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Holidays and over 50 years later

Updated: Nov 24

I've really enjoyed getting under the skin of Towyn & Kinmel Bay since my first walkabout with the team of consultants who are working together on the TKBVOICE project in late January.

What I didn't know at the time was that I myself had been on holiday in Towyn many moons ago. I discovered this one evening while visiting my parents, and told them about the project a week later.

TKBVOICE
Helen and her sister at the holiday camp in the 60s

Born in Liverpool in the 1960s, my family often had camping and caravan holidays in North Wales. We stayed at Browns Holiday Camp in Towyn a few times in the 1960s - when I was a baby and a few years later as a toddler. You can see the grainy black and white photos here. The blotches and my grumpy looking face are because me and my sister had chicken pox at the time! Whilst my memory is hazy to non-existent, my mum in contrast remembers those holidays in Towyn with great fondness and in striking detail.






During one of my Wednesday Walks and Talks in March, I visited Browns Holiday Park to ask them to put up posters about our project so that we reach out to those on holiday who are visiting at weekends, and who are coming for a longer vacation during peak season. (Other volunteers have visited other caravan sites). Over 50 years on the business still seems to be going strong and the caravan communities in Towyn & Kinmel Bay are a permanent feature of the place.


Today, Towyn & Kinmel Bay with a population of 8500 swells to nearly 50,000 visitors when the holiday season begins. That's a big influx of people and must take adapting to as a local. Finding a way of living with and appreciating this diversity and finding consensus on how to develop the place going forward is our role as consultants, working with the community and members of the Community Partnership.


Life often has a way of coming full circle and it feels special to be supporting the community in Towyn & Kinmel Bay, as it emerges from the pandemic, and takes this opportunity to pause and reflect on what people love about the place and how the community can work together to make it even better now and in the future.


The individual photos selected to form the #LoveTKB postcard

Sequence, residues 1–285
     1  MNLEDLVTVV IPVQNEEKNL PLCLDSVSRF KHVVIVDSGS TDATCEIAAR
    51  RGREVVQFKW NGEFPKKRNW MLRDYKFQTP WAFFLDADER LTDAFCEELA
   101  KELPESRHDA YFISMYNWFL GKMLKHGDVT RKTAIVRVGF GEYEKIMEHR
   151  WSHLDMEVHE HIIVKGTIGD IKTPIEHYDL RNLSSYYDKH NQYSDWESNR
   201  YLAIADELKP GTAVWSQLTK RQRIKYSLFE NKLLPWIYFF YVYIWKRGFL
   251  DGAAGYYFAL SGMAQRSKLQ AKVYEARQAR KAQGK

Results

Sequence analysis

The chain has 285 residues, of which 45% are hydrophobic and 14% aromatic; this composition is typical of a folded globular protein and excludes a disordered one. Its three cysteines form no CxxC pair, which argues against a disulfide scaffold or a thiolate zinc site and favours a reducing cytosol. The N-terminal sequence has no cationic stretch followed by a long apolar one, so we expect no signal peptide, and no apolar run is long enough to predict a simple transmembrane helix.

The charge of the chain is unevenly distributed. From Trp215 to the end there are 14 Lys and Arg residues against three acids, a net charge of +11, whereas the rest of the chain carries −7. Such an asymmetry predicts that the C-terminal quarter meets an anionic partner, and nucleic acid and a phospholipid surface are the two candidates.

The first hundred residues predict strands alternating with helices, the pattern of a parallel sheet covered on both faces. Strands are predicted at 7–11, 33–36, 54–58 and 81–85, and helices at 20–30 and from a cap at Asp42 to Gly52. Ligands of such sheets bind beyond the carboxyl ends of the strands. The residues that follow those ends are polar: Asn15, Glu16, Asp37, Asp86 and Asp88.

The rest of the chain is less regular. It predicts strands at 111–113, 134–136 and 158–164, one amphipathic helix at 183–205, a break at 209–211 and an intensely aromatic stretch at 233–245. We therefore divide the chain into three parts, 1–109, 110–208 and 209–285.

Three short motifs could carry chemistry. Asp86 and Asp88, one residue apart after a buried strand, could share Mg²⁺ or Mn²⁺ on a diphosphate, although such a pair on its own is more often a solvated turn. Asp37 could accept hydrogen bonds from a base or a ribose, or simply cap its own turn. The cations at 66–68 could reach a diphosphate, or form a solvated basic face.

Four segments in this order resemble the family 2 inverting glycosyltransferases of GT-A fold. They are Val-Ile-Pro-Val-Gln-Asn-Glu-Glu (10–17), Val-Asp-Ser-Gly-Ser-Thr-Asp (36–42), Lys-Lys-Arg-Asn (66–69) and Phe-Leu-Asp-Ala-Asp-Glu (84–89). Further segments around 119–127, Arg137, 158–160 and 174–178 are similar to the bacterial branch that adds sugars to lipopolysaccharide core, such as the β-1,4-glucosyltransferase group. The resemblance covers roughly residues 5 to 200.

Sometimes, it helps to look at a place we know well through a new lens - and this informed our approach and the #LoveTKB postcard campaign we have used to enliven the local community. By inviting people to inhabit the holiday mentality, and

to see the place where they live with pride, we encourage locals, visitors and holidaymakers, to look for the charm and appeal of TKB as well as ways to enhance the place.


Through conversations, shared memories, stories and reflections, we hope to emerge with a Place Plan for the area - which is supported by local people but also informed by the views of visitors and holidaymakers.


Inspired by our discussion of the holidays of the distant past, my parents who live in Mold recently went on a coastal drive through Rhyl, Towyn & Kinmel Bay, ending in Pensarn / Abergele before heading home on the A55. Their insight about the place was very helpful and I look forward to hearing more from other visitors and holidaymakers as we head into Spring and the holiday industry preparing for the Easter holidays. The views of the people who visit Towyn & Kinmel Bay for a break, recharge, and enjoy at leisure are crucial to understanding TKB's story as a place.


What also struck me in my conversations with people I've met in Kinmel Bay and Towyn is how many locals remember a magical vacation as a child or family coming from the North West, West Midlands, and sometimes further afield, and how later these life experiences have inspired them to relocate to Towyn & Kinmel Bay because of the beach, proximity to nature, and for being a great place from which to visit other parts of North Wales. You find echoes of that story repeated in Towyn & Kinmel Bay facebook communities, prompted by a photo of Foryd Bridge, or an old shared photo. Others - born and raised in the area or Rhyl - who made their way to the other side of the Foryd bridge - also talk about the benefits of living in a relaxed and friendly seaside town, and the feeling that they too can imbibe some of that holiday spirit.


These comments say a lot about the continuing appeal and charm of Towyn & Kinmel Bay, which undoubtedly sometimes sees itself as the poor relation, a place to pass through from Rhyl to Pensarn or Llandudno, and other tourist destinations.


I prefer to see Towyn & Kinmel Bay, as a beautiful spot with its own unique charm, ready access to other places and home to a diverse community of people who are passionate about where they live, or recharge in, and passionate about improving it for the future.


The future for Towyn & Kinmel Bay is bright.


Helen Wilkinson is the founder of Wilkinson Bytes, a social change consultancy. She was the Community Connector for the Community Connections Project, acting as the catalyst for community engagement and action, as well as conceiving and developing the TKBVOICE brand, the LoveTKB community campaign and the digital platform for TKBVOICE.

 

Do you have any precious holiday memories or photos from TKB to share?


Why not send us a postcard?


Even better, share your holiday story or snapshots about why TKB was a great place to vacation or a great place to be on our News & Views page. Scroll down to the share your story form.


We would also love it if you tell us which streets and spots you love, and those you'd like to improve by visiting our interactive digital map. You can make comments until April 18th.

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